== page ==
By Natalie San Luis
It's easier to tell people to eat healthy and exercise than to lay out a custom fitness plan. However, a lifestyle change strategy may be more effective than advice alone.
Adults at risk for diabetes participated in a trial on lifestyle interventions with a dietitian.
The researchers found that the participants who regularly met with a dietitian lost more weight, and kept it off, than the participants who received general advice on healthy living.
Raj Bhopal, DSc, of the Centre for Population Health Sciences, led the study.
The research focused on south Asians, a group that frequently develops type 2 diabetes, according to the authors of the study.
The trial was conducted in two regions of Scotland. The researchers recruited 171 Indian and Pakistani adults who had a larger than average waist size and impaired glucose tolerance. Impaired glucose tolerance indicates that the body has a difficult time regulating blood sugar levels and is a risk factor for type 2 diabetes.
Each of the participants was part of a "family cluster," or a group of relatives in the household who also wanted to participate in the study.
Of the 171 participants, 85 participants (78 families) were part of the intervention group while 86 participants (78 families) were assigned to the control group.
The participants and family clusters in the intervention group consulted with a dietitian 15 times over three years. The dietitians talked to the families about healthy weight loss through diet and exercise. The intervention group participants were also given pedometers, which count the number of steps the wearer takes per day, and invited to annual group meetings that included exercise.
The control group met with a dietitian four times over three years. The control group family clusters received advice on healthy eating, preventing diabetes, and exercising more.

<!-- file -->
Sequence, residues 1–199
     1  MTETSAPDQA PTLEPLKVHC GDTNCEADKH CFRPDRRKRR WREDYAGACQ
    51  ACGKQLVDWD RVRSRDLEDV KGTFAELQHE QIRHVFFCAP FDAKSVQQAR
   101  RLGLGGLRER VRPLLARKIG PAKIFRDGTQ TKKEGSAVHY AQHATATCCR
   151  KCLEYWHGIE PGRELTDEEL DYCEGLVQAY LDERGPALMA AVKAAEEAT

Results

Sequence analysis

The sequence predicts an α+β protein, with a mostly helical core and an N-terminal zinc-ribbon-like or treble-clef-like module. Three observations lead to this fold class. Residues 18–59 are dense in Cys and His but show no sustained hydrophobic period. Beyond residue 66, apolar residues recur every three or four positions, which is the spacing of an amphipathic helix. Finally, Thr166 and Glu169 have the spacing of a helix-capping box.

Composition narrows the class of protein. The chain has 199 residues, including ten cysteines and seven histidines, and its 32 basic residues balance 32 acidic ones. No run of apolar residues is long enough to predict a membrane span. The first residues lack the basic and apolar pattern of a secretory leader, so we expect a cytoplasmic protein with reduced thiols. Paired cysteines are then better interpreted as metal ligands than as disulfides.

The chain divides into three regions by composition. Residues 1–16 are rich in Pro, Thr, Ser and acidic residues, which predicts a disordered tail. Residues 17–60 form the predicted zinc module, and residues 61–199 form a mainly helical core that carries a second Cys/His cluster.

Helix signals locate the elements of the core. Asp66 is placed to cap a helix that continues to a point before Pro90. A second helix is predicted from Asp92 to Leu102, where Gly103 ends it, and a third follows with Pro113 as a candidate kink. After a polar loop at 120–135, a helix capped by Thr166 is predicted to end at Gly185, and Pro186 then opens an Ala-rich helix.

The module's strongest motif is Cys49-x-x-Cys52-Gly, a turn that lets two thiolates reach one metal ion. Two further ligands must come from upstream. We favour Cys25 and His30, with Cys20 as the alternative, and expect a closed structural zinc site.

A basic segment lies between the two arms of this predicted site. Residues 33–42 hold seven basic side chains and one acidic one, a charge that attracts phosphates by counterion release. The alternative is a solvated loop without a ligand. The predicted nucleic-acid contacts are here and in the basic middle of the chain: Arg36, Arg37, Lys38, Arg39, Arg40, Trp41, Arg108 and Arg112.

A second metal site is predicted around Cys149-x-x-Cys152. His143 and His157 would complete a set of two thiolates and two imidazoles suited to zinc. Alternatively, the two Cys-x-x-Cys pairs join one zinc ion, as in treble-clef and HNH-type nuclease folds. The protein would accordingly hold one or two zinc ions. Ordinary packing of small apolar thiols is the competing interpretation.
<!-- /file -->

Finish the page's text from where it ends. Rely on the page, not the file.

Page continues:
Each participant had their health information, including body measurements and blood samples, taken at the one, two, and three year mark.
After the trial period, researchers found that the participants in the intervention group lost more weight after one year and sustained their weight loss through the end of the trial.
The control group lost weight initially, but gained weight overall by the end of the third year.
21 participants in the intervention group lost five percent or more of their body weight, while only four participants in the control group did the same.
By the three-year mark, the participants in the intervention group were physically active for about 175 minutes per day. The control group was active for 120 minutes per day.
Fewer participants in the intervention group developed diabetes, but the difference was not statistically significant.
The researchers concluded that, while both the intervention and control groups increased their amount of physical activity, the participants meeting with the dietitian more frequently lost more weight and kept it off.
They suggested that a specific, moderate-intensity intervention plan was more successful than general advice on healthy living.
The study was published in The Lancet Diabetes and Endocrinology on December 23.
The research was supported by the National Prevention Research Initiative and other health organizations. One of the researchers received grants or worked for pharmaceutical groups.